I read the words again, and a storm of emotions overwhelmed me. Having just finished years of work writing about her life in CROSSING THE BORDERS OF TIME, I was taken aback by the sentiment expressed here by my younger self. Had I truly known so long ago that I would dedicate myself to a concentrated mission as my mother’s biographer? Even before embarking on a journalist’s career — indeed even before setting off on any sort of adult life — had I already embraced the goal of telling my mother’s story? The simple clarity of the card’s avowal surpassed my conscious understanding. Did that mean that I had done what I was always meant to do? There could be satisfaction in believing that.

At the same time, it seemed disturbing to read a declaration that implied I’d seen my very reason for existing as bound up in that loving mission of recording and transmitting my mother’s story. Perhaps, the daughter of a survivor, I’d felt it as a duty. Or had I meant it was essential, ordained, engrained in my identity? As much a part of me as I was part of her.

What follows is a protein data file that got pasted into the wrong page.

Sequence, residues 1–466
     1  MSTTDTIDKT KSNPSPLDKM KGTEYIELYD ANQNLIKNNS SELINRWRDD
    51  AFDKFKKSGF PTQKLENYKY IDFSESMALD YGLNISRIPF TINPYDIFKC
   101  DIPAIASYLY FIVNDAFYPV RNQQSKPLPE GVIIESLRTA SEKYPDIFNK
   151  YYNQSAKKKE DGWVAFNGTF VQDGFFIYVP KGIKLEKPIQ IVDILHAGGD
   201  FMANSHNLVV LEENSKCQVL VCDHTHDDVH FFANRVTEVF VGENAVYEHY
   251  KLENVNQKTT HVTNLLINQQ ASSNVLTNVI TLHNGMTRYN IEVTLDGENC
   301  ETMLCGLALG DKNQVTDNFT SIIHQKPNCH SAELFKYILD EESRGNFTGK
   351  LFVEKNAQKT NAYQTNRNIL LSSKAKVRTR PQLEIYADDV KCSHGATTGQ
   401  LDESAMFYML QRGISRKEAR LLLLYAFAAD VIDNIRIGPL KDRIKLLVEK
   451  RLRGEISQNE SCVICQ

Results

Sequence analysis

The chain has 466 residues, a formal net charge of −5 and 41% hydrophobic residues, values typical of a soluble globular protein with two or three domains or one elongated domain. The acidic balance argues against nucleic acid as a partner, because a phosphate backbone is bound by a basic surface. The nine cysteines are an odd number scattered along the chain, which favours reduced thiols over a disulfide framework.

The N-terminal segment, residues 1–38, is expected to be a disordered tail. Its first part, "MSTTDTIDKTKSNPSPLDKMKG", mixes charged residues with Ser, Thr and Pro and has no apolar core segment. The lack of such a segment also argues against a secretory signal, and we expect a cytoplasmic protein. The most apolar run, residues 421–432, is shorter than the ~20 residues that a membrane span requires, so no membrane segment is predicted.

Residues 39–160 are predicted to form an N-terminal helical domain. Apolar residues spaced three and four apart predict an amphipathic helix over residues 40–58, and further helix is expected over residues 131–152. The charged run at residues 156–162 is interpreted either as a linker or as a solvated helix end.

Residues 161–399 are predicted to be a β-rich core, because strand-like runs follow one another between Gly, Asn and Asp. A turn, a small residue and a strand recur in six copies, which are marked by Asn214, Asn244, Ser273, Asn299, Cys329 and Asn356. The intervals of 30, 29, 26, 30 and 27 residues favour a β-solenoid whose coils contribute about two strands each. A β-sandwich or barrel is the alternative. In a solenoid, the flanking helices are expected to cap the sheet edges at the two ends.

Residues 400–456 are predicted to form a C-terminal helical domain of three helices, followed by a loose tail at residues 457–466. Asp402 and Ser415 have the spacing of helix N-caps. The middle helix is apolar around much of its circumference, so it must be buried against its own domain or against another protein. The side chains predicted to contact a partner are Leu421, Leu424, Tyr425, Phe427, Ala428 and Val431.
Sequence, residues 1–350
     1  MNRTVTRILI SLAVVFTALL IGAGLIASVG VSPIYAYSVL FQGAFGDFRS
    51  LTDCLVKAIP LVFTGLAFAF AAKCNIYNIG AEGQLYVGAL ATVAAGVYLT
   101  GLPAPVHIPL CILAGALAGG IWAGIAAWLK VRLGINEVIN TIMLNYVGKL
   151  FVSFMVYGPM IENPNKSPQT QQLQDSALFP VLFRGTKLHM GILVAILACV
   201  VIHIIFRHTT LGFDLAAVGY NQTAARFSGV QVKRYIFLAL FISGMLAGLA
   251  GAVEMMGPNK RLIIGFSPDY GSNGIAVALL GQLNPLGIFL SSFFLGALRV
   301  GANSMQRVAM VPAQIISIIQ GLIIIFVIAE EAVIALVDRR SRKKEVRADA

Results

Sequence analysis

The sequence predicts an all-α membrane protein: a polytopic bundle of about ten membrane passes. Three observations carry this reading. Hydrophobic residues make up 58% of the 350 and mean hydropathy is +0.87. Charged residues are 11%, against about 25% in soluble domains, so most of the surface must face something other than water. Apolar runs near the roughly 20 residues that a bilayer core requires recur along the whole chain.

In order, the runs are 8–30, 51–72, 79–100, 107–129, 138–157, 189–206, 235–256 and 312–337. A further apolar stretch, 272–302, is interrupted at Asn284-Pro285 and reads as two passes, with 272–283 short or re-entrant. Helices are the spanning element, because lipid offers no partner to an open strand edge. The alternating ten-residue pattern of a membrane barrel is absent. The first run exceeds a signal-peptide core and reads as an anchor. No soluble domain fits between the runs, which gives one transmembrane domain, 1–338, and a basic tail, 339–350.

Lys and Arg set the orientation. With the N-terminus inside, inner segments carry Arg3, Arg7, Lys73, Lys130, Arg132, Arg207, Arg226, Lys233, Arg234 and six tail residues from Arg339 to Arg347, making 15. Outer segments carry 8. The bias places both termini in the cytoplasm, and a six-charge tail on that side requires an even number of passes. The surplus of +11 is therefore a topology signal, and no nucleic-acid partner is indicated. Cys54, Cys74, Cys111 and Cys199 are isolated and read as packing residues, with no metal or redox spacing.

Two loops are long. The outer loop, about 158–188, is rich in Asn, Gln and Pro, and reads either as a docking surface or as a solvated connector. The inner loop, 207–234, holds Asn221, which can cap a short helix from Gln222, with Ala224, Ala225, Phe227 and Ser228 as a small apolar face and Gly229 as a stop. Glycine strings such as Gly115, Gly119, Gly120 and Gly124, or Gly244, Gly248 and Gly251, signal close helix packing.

Mom herself, of course, has always been an enthusiastic storyteller, and her accounts of life in prewar Germany, in occupied France, in Batista’s Cuba, and in New York City of the 1950s have enthralled me always. Cruelty, war, love, and escape were themes that filled my daily life even as a child. But the residue of longing and regret that lay like dust on my mother’s romantic memories made me share her wistfulness for a period that I myself had never known. Everything that truly mattered seemed to beckon from across a border of time that barred me from experiencing personally the sort of life that gave rise to stories worth retelling for generations.